New Delhi: For any standard anaemia test, you can’t avoid a finger prick, however quick and fleeting the pain may be.

But thousands of women die during childbirth in India every year because they lack access to any sort of haemoglobin screening during pregnancy, a standard procedure for checking iron levels in blood to detect anaemia. Or, because they refuse to be pricked—due to an irrational phobia of blood being drawn from their bodies, leaving anaemia to go undetected.

Doorstep service: Abhishek Sen (extreme left) and Myshkin Ingawale test a woman’s haemoglobin count in Thane, Mumbai.

Biosense Technologies Pvt. Ltd says it has developed a portable gadget—ToucHb—to estimate the haemoglobin count.

Instead of a needle jab, a person would be required to wear a finger probe, embedded with tiny diodes that send light signals to a case not bigger than an iPad to measure the haemoglobin. The results can be assessed under one minute.

The product, awaiting patent, is expected to undergo field trials soon in Karnataka and Rajasthan for which it’s in talks with Biocon Foundation, run by India’s biggest biopharmaceutical company Biocon Ltd, and Action Research and Training for Health (ARTH), a not-for-profit organization.

Last month, Biosense received seed funding from Villgro, a Chennai-based organization that supports early-stage social enterprise. Villgro declined to disclose the amount, but says it will commit further investments to lift the project to a commercial stage.

Most investments in the healthcare sector typically go to projects that are in the late stage of development. While there’s a deluge of treatments available in India, backed by medical expertise and super specialty hospitals, there’s a scarcity of cheap screening facilities for a vast majority of the poor, according to Reihem Roy, portfolio manager at Villgro.

“We are seeking a low-cost healthcare screening indigenously designed for India and Biosense, which is targeted at maternal health, has a huge potential for market," Roy says.

The idea of developing ToucHb was sown in 2008 when five young, energetic entrepreneurs—three doctors, one car designer and a financial consultant—all friends in their mid-20s and early 30s, began to explore whether they could blend their experience to make a tool that could make a social impact—and little money too.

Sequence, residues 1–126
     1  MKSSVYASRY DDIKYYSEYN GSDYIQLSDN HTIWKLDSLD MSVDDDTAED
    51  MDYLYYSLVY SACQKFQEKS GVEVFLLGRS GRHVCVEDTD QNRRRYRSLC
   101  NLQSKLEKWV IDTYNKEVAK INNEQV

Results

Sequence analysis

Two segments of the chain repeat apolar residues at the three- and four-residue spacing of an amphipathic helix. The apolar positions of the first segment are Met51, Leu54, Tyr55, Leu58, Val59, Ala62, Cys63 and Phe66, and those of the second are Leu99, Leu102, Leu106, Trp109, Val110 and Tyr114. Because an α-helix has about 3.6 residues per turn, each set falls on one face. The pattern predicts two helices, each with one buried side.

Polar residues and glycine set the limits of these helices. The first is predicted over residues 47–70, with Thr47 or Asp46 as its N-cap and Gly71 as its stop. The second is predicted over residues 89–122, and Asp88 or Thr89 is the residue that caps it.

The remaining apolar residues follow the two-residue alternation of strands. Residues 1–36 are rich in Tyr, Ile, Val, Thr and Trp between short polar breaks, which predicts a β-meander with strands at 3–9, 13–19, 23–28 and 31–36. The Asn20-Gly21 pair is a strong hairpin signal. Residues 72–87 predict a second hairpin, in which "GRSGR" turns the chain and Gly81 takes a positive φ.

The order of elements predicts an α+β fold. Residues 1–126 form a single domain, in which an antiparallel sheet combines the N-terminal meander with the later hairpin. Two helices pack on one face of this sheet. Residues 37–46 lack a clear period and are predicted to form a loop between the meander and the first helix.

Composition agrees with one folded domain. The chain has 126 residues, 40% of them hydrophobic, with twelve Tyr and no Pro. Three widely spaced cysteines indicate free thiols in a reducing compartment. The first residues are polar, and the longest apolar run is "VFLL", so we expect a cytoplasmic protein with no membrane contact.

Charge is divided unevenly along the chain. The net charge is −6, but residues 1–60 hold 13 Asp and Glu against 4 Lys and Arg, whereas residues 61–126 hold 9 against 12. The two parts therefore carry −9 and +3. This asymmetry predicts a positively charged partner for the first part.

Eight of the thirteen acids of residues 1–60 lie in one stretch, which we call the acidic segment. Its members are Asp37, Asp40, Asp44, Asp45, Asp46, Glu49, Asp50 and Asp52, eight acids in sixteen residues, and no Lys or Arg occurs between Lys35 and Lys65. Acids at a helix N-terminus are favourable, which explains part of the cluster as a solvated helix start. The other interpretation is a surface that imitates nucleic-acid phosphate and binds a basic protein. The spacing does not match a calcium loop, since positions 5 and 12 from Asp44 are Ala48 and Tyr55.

The idea struck doctors Abhishek Sen and Yogesh Patil while they were medical students at Mumbai’s Nair Hospital. They saw severely anaemic women wheeled into emergency wards, bleeding to death. The team spent time observing pregnant women in Parole village, 2 hours from the city.

They found that many women hadn’t tested for anaemia several months into pregnancy, risking having stillborn, pre-term or low-weight babies.

It’s a vicious cycle, according to Sen, who also has a biomedical engineering degree from the Indian Institute of Technology (IIT), Bombay.

“If the mother is severely anaemic, there’s a high chance she will die. And if the baby survives and is a female, there’s a chance she will grow up to be anaemic," says Sen.

But like most ailments, diagnosis of anaemia remains one of the country’s biggest community health challenges, particularly when test labs are out of reach for a majority of rural women.

The facts are already known. An average 221 out of every 1,000 women die during childbirth in India, one of the world’s worst track records. Risks of death multiply due to anaemia, and iron deficiency is the most common among its many symptoms.

While children and men too are affected, anaemia among pregnant women between ages 15 and 49 has risen sharply between 1989 and 2006, from 50% to 58%, according to the National Family Health Survey.

In the absence of labs, India prescribes a century-old tool called Sahli’s haemoglobinometer as a “point of care" diagnosis in rural areas, training an army of auxiliary nurse midwives to provide the service. The technique involves diluting the blood sample with a chemical solution, then matching it to a colour-coded glass piece, much like matching blouse or petticoat shades to a sari.